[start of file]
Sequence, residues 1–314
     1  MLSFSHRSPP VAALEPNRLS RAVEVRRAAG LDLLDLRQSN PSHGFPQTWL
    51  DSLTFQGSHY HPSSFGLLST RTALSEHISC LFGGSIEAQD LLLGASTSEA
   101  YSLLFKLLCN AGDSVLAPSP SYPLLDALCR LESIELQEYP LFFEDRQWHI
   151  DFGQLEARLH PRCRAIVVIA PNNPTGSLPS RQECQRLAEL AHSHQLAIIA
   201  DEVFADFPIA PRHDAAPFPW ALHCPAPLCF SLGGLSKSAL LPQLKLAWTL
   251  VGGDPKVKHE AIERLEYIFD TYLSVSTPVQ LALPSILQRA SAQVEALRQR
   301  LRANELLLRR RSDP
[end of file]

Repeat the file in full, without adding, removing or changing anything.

Sequence, residues 1–314
     1  MLSFSHRSPP VAALEPNRLS RAVEVRRAAG LDLLDLRQSN PSHGFPQTWL
    51  DSLTFQGSHY HPSSFGLLST RTALSEHISC LFGGSIEAQD LLLGASTSEA
   101  YSLLFKLLCN AGDSVLAPSP SYPLLDALCR LESIELQEYP LFFEDRQWHI
   151  DFGQLEARLH PRCRAIVVIA PNNPTGSLPS RQECQRLAEL AHSHQLAIIA
   201  DEVFADFPIA PRHDAAPFPW ALHCPAPLCF SLGGLSKSAL LPQLKLAWTL
   251  VGGDPKVKHE AIERLEYIFD TYLSVSTPVQ LALPSILQRA SAQVEALRQR
   301  LRANELLLRR RSDP